- Rioprevidencia is offering to increase bond interest
- Pension fund's 2024 notes have soared 25.8% this month
Pensioners in Brazil may pay a steep price to stave off a battle with overseas bond investors.
Rioprevidencia, the pension fund for state workers from Rio de Janeiro, said Sept. 24 a measure of the amount of cash available to pay debt fell below the level required by its bond contracts, a violation that gives holders the right to demand immediate repayment on $3.1 billion of notes. Increasingly hard up for funds as the oil royalties it relies on plunge in the wake of crude’s swoon, Rioprevidencia could hardly afford such a bill. Instead, it’s offering to boost the interest on its bonds by 3 percentage points if investors waive the covenant, according to a copy of the proposal obtained by Bloomberg News.
Bondholders are wasting little time in showing their support for the deal. Rioprevidencia’s $2 billion of notes due in 2024 have surged 25.8 percent this month alone. That’s almost eight times the average gain in emerging markets. The fund’s bonds currently carry coupons of 6.25 percent and 6.75 percent.
“Bond buyers are clearly willing to give them some more time,” said Carlos Gribel, the Miami-based head of fixed income at Andbanc Brokerage. “It wouldn’t make sense to accelerate the debt now and start what could be a huge legal battle.”
Gustavo de Oliveira Barbosa, Rioprevidencia’s chief executive officer, said last week that he expects bondholders who own more than 50 percent of the notes’ face value to grant the waiver by the Nov. 3 deadline established by the funds.
Rioprevidencia’s press office said the fund couldn’t comment on the proposal to increase bond coupons before next week’s deadline.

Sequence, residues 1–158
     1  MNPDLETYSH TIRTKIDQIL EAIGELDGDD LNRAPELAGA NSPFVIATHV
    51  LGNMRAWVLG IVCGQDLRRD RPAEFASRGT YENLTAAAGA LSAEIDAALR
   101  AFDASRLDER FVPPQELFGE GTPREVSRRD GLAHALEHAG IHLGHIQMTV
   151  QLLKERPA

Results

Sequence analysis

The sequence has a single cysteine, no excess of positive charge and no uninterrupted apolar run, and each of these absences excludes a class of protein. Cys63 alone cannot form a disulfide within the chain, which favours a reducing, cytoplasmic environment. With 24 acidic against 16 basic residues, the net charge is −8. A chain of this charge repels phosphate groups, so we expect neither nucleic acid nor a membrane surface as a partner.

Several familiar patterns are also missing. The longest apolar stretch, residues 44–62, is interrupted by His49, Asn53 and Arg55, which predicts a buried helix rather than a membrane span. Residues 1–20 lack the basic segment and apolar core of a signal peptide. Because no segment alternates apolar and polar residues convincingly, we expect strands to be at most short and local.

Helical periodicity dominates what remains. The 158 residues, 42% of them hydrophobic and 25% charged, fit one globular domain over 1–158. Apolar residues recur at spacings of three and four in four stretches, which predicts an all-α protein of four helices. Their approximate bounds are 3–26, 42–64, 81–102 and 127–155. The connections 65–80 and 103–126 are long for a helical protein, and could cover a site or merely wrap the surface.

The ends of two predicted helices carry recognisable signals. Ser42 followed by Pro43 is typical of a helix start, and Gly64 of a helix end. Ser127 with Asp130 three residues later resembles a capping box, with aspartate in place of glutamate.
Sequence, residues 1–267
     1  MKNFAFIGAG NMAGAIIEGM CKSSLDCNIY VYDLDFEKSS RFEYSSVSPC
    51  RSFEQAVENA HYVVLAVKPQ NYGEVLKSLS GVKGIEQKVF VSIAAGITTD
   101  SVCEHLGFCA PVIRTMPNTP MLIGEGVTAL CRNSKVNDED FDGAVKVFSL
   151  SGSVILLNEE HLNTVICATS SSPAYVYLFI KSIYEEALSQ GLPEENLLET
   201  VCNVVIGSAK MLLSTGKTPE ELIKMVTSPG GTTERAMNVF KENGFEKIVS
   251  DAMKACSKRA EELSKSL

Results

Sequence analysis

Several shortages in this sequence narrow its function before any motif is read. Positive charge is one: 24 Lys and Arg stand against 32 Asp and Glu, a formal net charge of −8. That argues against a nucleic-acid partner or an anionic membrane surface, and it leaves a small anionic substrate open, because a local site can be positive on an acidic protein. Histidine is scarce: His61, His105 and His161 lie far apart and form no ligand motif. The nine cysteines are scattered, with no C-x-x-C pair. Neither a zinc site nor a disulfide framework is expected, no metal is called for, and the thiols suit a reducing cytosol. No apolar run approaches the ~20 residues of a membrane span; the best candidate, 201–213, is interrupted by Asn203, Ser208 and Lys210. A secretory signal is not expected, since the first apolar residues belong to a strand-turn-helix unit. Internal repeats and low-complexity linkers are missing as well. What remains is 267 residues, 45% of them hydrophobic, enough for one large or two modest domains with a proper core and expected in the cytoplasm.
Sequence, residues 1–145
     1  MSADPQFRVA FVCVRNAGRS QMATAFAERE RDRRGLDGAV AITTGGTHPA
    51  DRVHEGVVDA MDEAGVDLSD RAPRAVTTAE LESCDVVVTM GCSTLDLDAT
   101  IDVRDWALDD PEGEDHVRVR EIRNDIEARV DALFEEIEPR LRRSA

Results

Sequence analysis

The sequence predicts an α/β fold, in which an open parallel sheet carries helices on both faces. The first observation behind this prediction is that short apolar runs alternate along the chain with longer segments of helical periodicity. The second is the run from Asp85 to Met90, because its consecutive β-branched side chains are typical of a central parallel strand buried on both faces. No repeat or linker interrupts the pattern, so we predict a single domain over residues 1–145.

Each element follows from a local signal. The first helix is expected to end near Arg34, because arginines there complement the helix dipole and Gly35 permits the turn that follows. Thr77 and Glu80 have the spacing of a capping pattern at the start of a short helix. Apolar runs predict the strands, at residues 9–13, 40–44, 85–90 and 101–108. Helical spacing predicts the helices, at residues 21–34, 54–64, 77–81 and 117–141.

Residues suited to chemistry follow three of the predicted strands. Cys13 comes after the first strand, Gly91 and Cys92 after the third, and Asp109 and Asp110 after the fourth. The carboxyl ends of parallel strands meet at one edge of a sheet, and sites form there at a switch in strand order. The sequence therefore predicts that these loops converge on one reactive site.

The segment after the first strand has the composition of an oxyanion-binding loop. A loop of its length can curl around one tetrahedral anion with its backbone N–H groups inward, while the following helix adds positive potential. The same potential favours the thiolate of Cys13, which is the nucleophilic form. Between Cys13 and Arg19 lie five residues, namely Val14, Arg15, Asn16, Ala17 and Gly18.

“We have not missed any payment so far and do not plan to do so,” Barbosa said by phone from Rio de Janeiro on Oct. 21.
He blamed lower oil prices for the drop in Rioprevidencia’s debt service coverage ratio below 1.5 times.
Rioprevidencia gets about a third of its revenue from oil royalties paid mostly by state oil company Petroleo Brasileiro SA, which is scaling back investments in the wake of a corruption probe. It issued the notes last year in an attempt to finance its budget gap.
The press office of Dodge & Cox, the biggest holders of the notes, didn’t return messages seeking comment. The press officer for Pacific Investment Management Co., Mark Porterfield, said the company wouldn’t comment.
The fund’s bonds due in 2024 sank to a record low 62.65 cents on the dollar on Sept. 28, pushing yields well above 13 percent, data compiled by Bloomberg show.
In the proposed offer to bondholders dated Oct. 20, Rioprevidencia may reduce the 3 percent step-up in coupons to 2 percent if it achieves certain “milestones.” That includes Rio de Janeiro state getting approval from lawmakers and Brazil’s treasury to make the pension fund’s debt senior to other obligations. Another entails the fund postponing loan payments to Banco do Brasil SA and Caixa Economica Federal for seven years.
Still, the main risk for bond investors is the price of oil, which is down 45 percent in the past year, according to Bank of America Corp. analysts Anne Milne, Juan Andres Duzevic and Barbara Halberstadt.
“The debt service coverage ratio will continue below covenant levels if none of the milestones are achieved,” they said in an Oct. 26 note. “Flows will be enough to continue servicing the debt. However, almost no income will flow to the Rioprevidencia pension fund. We remain focused on the political sensitivity of this situation and the risk of political intervention remains our main concern.”
Bank of America, which has an underweight recommendation on Rioprevidencia’s bonds, estimates the fund will post a deficit of 500 million reais ($128.6 million) this year, which would be the biggest since 2012.
Brazil’s real advanced 0.4 percent as of 10:49 a.m. in New York.
But for bondholders concerned they’d have a hard time recouping their money in Brazilian courts if they demand immediate repayment from Rioprevidencia, the fund’s proposal will likely get their approval, said John Haugh, a Latin America strategist at Mizuho Securities USA in New York.
“The bonds are advancing because it’s not in anyone’s best interest to accelerate this debt,” he said from New York.